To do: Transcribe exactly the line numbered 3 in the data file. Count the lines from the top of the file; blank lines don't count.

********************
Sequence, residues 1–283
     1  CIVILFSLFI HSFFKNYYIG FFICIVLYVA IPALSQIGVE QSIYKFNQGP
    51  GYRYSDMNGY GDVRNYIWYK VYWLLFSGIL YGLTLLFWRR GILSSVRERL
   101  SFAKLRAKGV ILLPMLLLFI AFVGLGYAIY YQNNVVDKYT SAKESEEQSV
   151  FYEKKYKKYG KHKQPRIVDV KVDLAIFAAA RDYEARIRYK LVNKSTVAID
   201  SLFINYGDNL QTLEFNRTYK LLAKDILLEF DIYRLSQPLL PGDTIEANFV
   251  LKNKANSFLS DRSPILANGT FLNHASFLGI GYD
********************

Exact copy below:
    51  GYRYSDMNGY GDVRNYIWYK VYWLLFSGIL YGLTLLFWRR GILSSVRERL